Q : Why so?
Partly, because I think he did not find sufficient co-operation within the Ministry for Foreign Affairs. A necessary co-operation in order to demolish that very image of Eritrea that someone has built…
Q : For instance, the Habeshia Agency of Mussie Zerai?
Yes. Though too much importance is given to it. There is a responsibility for overestimating it. I had the chance of meeting with them and I had the distinct impression that they did not work in the direction of the superior national interest of their Country.
I am not the only one to believe that Eritrea is different from the way they see it. Many other German parliament members, with whom I have spoken, have positive opinions about the Country.
Q : In this past year the many European delegations that went to Eritrea said on their return, that they did not find a police state… then what about Italy?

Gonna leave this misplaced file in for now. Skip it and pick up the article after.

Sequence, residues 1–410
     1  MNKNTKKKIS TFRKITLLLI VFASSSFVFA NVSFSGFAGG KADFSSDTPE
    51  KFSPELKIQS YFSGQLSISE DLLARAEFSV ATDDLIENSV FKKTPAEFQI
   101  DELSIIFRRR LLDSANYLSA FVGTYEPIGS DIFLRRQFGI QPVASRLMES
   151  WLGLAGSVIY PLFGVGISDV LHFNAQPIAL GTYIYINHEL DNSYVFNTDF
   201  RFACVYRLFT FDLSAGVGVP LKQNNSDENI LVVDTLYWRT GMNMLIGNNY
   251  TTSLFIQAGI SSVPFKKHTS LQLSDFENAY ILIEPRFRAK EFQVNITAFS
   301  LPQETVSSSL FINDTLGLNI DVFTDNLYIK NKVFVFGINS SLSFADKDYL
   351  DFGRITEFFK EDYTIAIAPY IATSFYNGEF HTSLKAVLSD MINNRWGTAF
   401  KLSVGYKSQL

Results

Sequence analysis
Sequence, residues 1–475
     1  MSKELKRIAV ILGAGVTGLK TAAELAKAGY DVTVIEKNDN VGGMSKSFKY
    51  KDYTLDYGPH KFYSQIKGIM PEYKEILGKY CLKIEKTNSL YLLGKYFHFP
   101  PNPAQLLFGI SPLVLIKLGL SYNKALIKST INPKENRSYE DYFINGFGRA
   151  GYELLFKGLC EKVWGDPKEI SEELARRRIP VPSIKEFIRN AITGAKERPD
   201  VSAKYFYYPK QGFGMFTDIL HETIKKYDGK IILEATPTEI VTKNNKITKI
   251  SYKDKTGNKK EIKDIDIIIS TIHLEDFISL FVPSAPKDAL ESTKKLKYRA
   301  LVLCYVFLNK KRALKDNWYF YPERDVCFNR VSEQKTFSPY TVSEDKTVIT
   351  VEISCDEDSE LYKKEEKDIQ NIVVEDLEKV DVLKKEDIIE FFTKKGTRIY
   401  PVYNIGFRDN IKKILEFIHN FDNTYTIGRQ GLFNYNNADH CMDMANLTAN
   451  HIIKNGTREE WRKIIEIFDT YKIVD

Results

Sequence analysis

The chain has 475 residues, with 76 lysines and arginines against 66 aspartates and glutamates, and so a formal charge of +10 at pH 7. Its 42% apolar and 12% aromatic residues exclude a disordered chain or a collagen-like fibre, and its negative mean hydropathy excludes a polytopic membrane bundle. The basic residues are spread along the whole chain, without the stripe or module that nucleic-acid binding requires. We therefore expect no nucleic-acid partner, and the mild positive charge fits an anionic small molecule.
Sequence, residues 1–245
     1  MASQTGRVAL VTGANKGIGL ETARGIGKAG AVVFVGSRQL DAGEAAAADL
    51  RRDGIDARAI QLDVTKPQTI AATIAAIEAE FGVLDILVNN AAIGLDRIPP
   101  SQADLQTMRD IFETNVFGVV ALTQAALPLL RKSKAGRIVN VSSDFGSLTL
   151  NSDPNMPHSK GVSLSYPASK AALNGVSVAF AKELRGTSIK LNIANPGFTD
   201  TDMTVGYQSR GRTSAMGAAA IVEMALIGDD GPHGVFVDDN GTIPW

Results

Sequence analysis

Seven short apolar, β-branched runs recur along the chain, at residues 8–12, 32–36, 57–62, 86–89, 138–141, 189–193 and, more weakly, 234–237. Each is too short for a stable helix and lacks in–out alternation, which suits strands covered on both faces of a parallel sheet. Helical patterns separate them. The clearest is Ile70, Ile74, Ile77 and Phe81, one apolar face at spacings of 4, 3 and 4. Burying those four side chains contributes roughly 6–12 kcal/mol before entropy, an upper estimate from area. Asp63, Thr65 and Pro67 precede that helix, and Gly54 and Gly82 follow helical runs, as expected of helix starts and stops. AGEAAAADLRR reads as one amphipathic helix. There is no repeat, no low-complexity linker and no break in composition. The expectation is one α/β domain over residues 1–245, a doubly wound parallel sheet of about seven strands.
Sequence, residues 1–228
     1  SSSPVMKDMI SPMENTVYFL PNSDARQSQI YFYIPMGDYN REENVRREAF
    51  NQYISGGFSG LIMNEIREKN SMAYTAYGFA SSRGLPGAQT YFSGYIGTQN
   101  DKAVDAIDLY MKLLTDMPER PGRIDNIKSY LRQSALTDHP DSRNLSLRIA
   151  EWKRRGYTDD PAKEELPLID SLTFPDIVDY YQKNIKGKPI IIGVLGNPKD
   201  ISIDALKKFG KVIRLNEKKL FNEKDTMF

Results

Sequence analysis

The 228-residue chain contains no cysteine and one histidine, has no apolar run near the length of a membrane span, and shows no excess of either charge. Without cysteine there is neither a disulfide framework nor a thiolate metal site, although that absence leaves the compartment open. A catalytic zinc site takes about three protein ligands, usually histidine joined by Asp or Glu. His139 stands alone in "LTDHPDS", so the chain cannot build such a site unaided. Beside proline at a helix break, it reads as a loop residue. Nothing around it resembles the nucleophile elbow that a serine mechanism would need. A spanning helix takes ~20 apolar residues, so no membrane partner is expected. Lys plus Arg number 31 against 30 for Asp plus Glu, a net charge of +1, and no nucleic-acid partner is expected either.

Our silence is embarrassing.
And the more so, as its about a Country so close to our own.
If this means that we need a picklock for opening… I am ready. I say this with great pride. I am enthusiastic about this Country, its beauty and the great merits of its people. I am proud to gather the will of a very dignified people trying to build their future.
Q : A Country with a very recent history of independence (1991) and the unresolved problem with Ethiopia, which at present is facing violent internal rebellion, and about which almost nothing is said…
Yes, in Italy you do not speak about it. Abroad, on the other hand, there is much attention.
Our Country is hypocrite.